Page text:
So what of Van Landeghem? Was he really an 8-year-old Olympic medallist? No pictures seem to exist of his Olympic exploits but a postcard was published of the Belgian crew at the 1909 Henley Regatta.

Offical result of the final 1909
Van Landeghem is sitting directly in front of the trophy.

The Van Landeghem born in 1891 would be 17 in 1909 and this appears to tally with the appearance of the man in the picture. Van Landeghem was a cox of Royal Club Nautique de Gand from 1900-1903 winning multiple European titles in coxed pairs, fours and eights.
In the following years Royal Club Nautique de Gand used other coxes (Raphael Van der Waerden & Rodolphe Colpaert), but in 1908 and1909 again Van Landeghem was against used as cox for his club, including at the 1909 Henley Regatta. Ghent crews were very prominent in European rowing circles in early 1900s, winning multiple European titles and the Henley Regatta Grand Challenge Cup in 1906, 1907 and 1909.

Sadly there is a tragic postscript to this story as he died on 19 October 1914, a week shy of his 23rd birthday. It may well be that he was killed in action, as 19 October was the first day of the Battle of Ypres although his name does not appear on the lists of Belgian war dead that we have so far found.

We have been in touch with his club who are helping us with our enquiries but, at the moment, all we can say it that seems likely that we have the right man though we don’t have that final piece of conclusive evidence.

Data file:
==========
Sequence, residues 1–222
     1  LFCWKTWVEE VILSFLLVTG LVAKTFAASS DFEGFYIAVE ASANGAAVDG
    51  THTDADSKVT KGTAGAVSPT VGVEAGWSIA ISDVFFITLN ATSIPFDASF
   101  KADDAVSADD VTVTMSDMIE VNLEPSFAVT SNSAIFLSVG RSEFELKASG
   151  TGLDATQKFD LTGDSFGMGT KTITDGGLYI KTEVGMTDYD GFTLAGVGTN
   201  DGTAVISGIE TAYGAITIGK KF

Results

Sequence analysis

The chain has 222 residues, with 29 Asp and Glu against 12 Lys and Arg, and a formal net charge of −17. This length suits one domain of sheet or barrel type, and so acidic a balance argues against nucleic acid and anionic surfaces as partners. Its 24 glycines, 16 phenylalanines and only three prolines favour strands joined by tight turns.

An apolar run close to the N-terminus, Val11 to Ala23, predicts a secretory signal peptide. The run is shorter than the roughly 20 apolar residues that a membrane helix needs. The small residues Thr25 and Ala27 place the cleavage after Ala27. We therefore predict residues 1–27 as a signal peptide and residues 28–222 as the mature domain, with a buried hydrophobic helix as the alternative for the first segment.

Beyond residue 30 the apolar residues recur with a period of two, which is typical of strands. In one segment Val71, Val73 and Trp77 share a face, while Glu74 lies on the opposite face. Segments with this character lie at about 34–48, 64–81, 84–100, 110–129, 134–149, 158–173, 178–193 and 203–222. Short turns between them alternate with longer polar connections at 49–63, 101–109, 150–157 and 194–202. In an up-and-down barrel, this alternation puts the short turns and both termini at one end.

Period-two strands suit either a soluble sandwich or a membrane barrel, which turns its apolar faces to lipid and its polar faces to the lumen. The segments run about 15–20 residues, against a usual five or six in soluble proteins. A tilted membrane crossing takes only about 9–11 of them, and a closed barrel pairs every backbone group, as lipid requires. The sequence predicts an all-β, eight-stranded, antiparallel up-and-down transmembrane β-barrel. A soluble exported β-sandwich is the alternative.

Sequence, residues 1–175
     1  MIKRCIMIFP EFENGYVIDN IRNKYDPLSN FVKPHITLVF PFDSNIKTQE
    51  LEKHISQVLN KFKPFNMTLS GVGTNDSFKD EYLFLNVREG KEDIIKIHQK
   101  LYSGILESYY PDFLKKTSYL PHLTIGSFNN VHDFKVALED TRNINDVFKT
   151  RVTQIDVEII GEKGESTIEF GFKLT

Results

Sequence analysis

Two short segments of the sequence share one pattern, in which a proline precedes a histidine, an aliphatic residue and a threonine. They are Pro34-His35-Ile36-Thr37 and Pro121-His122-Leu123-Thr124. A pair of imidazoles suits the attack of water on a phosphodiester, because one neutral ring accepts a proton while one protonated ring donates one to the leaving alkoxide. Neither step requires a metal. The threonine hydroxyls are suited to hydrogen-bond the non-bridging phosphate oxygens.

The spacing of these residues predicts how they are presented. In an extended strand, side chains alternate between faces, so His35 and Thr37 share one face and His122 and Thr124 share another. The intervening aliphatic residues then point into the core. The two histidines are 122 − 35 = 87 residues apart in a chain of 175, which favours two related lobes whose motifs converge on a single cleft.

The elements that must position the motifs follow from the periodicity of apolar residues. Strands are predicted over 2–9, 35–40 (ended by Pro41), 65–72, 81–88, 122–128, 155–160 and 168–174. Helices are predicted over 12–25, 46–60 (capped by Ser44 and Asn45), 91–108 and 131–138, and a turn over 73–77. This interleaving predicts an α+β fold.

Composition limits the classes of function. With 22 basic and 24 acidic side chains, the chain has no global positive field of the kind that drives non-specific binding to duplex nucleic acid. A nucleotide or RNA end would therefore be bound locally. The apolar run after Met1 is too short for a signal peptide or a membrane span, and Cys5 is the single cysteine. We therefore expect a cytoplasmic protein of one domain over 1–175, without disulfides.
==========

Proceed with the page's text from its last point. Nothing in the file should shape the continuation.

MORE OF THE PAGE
If anyone can help on this matter feel free to contact us via this blog or by contacting http://www.sports-reference.com/feedback/

Farhang Mohtadi

Field Data
Full name Farhang Mohtadi
Original name فرهنگ مهتدی
DOB 6 January 1926
Sport Basketball
Nation Iran
Year(s) 1948
Finish 14

Farhang Mohtadi played basketball for Iran at the 1948 Olympics. He had earned a B.E. degree from Teheran University in 1945 but in 1948 was studying at Birmingham University in England. Mohtadi was better known as a tennis player and during his years in England played at Wimbledon seven consecutive years (1949-55), although he lost in the first round each year. In 1954 he lost in the final of the North England Hardcourts Championships to Polish player Ignacy Tłoczyński.

He eventually earned a B.Sc. degree and later a Ph.D. in chemical engineering from Birmingham. Mohtadi finally settled in Canada where he taught at the University of Calgary, where he served as chairman of the department of chemical and petroleum engineering and director of public relations in the engineering department.